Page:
I begin by taking apart and removing all the components inside the scanner. Then I use aluminum foil to cover the exposed area just for the light to reflect. We need to cover the aluminum foil with some kind of transparent tape, just to minimize the risk of sorting any strip connections.

PCP UV Exposure Box - Hardware Design

We measure the exposure area and we cut the LED strip in smaller pieces. We solder the led strip pieces together. We need to be very careful and don’t make any mistakes here. I did a mistake and I had to unsolder and resolder almost all the strip pieces! We test all the LED pieces and then we stick the LED strips on the insolated aluminum foil. I’m drilling an 8mm hole for the rotary encoder and cutting enough plastic just to fit the 4 digit display.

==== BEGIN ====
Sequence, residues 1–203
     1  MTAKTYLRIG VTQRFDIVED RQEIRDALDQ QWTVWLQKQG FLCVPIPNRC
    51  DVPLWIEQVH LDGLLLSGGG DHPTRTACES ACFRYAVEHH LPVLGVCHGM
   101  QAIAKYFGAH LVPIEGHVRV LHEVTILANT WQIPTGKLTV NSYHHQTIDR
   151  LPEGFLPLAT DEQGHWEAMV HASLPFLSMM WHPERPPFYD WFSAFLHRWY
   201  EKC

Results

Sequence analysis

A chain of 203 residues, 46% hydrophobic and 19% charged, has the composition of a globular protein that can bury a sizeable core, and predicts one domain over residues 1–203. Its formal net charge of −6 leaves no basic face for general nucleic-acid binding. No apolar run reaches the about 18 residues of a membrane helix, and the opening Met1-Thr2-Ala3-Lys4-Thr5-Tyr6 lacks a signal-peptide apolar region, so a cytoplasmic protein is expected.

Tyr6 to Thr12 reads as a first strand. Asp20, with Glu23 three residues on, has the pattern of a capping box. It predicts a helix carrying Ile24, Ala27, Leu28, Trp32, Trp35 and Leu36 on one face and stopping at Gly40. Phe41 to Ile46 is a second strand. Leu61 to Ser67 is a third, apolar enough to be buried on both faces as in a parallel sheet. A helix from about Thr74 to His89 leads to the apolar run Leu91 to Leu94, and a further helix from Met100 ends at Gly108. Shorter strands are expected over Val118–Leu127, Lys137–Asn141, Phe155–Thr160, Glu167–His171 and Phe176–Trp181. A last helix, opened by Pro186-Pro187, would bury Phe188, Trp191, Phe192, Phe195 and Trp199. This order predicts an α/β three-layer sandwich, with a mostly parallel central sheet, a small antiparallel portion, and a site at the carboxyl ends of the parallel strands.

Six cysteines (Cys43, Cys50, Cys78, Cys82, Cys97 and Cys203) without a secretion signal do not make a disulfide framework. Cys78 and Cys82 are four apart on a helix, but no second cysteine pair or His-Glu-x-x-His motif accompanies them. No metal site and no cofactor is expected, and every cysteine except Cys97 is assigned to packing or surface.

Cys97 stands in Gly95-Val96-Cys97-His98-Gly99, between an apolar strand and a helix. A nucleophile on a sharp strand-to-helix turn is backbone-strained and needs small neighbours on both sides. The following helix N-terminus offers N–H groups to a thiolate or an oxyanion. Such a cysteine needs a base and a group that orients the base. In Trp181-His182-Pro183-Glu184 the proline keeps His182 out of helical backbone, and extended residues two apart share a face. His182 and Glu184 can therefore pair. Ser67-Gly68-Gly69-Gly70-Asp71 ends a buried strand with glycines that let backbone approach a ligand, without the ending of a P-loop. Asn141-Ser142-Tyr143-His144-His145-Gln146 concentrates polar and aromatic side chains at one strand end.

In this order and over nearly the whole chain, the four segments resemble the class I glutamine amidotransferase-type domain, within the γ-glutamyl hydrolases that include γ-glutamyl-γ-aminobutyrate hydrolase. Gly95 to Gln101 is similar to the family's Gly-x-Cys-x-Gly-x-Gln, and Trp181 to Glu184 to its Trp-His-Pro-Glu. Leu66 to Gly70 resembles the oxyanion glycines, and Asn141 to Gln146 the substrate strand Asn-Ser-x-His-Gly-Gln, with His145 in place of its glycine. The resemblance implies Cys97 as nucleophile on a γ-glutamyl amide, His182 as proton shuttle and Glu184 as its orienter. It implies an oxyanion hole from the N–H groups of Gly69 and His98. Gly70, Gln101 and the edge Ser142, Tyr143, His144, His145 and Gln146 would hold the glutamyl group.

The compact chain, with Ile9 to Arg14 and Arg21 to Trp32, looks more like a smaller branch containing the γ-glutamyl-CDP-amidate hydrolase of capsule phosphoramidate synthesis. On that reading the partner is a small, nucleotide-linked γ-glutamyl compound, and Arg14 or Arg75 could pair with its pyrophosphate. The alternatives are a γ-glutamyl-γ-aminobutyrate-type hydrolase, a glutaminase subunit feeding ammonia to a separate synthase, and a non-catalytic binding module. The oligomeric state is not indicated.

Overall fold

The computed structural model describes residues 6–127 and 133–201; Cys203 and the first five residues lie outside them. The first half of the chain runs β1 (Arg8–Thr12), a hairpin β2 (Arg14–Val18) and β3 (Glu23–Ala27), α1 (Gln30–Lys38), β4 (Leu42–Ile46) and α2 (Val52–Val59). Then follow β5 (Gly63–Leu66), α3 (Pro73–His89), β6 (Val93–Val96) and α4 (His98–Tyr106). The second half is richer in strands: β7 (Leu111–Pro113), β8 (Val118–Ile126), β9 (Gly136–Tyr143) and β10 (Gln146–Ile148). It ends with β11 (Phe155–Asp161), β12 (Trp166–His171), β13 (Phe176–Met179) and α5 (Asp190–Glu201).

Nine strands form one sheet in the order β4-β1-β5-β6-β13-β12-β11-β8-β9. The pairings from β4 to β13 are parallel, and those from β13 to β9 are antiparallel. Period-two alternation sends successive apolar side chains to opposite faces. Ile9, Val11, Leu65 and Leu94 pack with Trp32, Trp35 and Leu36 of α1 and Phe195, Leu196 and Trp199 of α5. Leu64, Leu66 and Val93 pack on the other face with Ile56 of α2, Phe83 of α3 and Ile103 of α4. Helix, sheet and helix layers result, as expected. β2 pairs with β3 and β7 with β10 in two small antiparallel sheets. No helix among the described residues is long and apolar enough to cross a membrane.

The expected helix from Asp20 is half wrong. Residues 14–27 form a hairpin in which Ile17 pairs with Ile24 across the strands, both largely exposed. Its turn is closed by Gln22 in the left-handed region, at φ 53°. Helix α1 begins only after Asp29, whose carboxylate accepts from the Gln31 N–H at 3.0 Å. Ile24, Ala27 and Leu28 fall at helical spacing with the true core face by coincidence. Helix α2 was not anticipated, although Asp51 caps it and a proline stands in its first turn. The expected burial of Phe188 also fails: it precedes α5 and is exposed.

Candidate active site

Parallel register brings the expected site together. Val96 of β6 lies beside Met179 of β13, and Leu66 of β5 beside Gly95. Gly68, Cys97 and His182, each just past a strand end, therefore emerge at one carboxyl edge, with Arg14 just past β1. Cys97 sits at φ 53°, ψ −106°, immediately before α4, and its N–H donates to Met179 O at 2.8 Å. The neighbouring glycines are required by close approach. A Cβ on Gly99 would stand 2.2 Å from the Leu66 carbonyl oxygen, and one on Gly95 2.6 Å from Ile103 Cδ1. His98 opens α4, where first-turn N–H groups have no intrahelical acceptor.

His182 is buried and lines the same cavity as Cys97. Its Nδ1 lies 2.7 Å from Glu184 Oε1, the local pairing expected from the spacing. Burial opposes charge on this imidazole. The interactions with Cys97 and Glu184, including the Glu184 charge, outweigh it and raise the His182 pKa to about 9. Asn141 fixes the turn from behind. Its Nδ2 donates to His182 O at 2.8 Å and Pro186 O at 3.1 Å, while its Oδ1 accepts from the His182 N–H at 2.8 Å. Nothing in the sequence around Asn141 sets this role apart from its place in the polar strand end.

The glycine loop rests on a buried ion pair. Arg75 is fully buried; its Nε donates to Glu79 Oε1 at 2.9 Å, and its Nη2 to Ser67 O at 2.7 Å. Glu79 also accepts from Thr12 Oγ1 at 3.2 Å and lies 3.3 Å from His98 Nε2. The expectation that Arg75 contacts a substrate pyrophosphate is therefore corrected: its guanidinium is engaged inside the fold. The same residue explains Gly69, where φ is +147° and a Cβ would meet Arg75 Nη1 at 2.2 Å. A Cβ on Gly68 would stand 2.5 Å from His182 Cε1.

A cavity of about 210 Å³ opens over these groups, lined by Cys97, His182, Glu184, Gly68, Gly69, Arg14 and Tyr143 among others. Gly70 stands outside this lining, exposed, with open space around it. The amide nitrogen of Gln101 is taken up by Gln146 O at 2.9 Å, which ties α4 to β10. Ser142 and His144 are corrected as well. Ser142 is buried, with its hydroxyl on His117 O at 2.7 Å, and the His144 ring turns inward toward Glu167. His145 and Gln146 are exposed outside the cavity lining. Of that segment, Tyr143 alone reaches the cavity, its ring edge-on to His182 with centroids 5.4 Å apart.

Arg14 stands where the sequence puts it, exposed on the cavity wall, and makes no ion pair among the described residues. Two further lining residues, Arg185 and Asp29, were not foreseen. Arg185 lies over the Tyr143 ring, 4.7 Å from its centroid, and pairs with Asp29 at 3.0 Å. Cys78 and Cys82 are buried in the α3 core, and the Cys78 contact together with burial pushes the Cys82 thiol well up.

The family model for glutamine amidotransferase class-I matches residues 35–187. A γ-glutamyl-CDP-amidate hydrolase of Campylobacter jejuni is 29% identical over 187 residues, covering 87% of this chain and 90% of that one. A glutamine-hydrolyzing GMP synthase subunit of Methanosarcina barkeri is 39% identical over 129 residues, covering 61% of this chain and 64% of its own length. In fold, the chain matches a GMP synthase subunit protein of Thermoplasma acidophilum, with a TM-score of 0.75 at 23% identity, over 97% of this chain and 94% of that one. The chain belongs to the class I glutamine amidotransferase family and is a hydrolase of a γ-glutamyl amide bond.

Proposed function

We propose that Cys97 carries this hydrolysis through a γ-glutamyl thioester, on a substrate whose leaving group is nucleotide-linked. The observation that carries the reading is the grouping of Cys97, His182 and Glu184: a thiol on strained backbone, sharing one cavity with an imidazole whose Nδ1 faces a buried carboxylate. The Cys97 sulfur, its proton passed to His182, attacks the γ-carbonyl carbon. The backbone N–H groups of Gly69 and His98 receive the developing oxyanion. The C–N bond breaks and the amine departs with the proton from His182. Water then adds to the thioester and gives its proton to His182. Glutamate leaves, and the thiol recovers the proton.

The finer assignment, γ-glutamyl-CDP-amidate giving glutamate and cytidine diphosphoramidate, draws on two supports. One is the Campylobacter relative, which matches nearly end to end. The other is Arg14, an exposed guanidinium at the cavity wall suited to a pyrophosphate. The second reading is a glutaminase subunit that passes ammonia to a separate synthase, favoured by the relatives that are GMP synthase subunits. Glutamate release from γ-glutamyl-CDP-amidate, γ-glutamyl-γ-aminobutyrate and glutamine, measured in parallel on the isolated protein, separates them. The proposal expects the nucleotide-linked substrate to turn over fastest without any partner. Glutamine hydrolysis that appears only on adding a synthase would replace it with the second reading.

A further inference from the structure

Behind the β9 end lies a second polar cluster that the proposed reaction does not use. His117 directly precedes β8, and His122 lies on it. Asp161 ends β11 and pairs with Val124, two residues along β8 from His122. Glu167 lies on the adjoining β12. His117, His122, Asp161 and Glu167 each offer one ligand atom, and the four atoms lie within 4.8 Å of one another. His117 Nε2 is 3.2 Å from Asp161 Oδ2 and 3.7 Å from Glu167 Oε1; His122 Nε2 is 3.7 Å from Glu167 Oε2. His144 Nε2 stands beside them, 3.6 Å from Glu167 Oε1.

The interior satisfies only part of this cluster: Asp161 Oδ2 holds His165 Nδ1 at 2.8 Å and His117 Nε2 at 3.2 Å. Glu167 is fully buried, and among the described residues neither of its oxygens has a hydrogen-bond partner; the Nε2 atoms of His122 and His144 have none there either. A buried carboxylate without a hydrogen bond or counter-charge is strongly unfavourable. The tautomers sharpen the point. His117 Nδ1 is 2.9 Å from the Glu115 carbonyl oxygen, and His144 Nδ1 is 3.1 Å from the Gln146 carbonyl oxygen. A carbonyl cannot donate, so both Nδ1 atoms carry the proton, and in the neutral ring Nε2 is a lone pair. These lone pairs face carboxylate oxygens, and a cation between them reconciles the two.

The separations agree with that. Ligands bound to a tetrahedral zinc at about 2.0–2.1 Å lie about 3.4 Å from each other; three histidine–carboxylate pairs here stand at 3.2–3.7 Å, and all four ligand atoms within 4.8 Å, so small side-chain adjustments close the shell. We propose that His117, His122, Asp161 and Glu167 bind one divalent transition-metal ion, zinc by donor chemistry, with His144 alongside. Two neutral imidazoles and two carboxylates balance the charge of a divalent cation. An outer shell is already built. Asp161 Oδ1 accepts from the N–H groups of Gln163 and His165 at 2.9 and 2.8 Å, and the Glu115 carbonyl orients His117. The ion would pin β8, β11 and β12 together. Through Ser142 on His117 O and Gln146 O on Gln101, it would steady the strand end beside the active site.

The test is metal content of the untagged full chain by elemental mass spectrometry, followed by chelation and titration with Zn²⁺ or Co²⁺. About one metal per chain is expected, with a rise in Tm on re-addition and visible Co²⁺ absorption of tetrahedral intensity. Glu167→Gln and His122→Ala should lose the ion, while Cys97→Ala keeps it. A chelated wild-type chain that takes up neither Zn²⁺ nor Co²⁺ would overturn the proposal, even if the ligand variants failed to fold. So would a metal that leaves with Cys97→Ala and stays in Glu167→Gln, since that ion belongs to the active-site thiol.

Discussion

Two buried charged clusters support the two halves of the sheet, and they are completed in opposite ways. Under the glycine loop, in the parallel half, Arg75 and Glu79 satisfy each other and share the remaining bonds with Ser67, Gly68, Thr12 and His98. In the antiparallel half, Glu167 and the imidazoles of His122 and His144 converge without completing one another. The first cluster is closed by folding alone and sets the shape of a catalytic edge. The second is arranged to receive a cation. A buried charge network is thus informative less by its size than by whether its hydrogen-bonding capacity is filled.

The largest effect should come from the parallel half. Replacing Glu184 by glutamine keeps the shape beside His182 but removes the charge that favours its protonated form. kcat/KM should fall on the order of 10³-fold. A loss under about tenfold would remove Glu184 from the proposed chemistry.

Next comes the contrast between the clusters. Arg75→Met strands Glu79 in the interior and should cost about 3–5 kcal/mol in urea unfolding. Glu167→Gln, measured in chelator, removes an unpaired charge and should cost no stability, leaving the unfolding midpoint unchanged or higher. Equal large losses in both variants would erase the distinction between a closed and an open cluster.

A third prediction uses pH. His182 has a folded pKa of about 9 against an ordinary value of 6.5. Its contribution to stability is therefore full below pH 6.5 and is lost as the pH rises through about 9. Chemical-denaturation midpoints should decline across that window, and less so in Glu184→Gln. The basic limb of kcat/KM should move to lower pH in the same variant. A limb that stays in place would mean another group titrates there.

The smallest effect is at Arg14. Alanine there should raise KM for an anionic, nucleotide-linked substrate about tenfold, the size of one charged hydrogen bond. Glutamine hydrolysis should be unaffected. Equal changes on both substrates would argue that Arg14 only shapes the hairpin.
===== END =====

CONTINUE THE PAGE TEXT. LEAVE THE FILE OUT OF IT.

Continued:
I’m cutting and using the scanner board because it already has a USB and a DC power jack connectors.

PCP UV Exposure Box - Hardware Design

A power switch with an LED will be attached at the back rear. I will create a small board to connect the USB, power jack, power switch and send all the cables to the main board at the front of the box.

PCP UV Exposure Box - Hardware Design

We attach and hot glue all the components; we connect all the connectors and finally we are testing the device to see if everything is working properly.

PCP UV Exposure Box - Hardware Design

Parts & Links

Parts List

  • R1: 10K
  • R2: 10K
  • R3: 120
  • R4: 120
  • MOSFET: FS10KM-10 (N-Channel)
  • Rotary encoder with a monetary switch
  • Monetary switch X 2
  • 4 digit LED display module
  • UV LED Strip

Source Code & Design Assets

Project on Github: clytras/CL_UVScanner

Library Dependencies